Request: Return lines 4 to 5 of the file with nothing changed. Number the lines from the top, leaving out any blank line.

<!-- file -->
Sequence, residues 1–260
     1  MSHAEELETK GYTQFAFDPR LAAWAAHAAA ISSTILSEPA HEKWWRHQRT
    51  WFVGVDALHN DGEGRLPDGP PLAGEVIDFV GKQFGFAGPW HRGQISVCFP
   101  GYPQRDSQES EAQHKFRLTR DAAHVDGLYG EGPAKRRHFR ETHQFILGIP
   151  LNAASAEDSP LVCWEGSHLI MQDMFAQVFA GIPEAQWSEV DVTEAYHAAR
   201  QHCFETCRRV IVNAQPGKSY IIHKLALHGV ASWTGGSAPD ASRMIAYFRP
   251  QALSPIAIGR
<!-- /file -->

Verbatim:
   101  GYPQRDSQES EAQHKFRLTR DAAHVDGLYG EGPAKRRHFR ETHQFILGIP
   151  LNAASAEDSP LVCWEGSHLI MQDMFAQVFA GIPEAQWSEV DVTEAYHAAR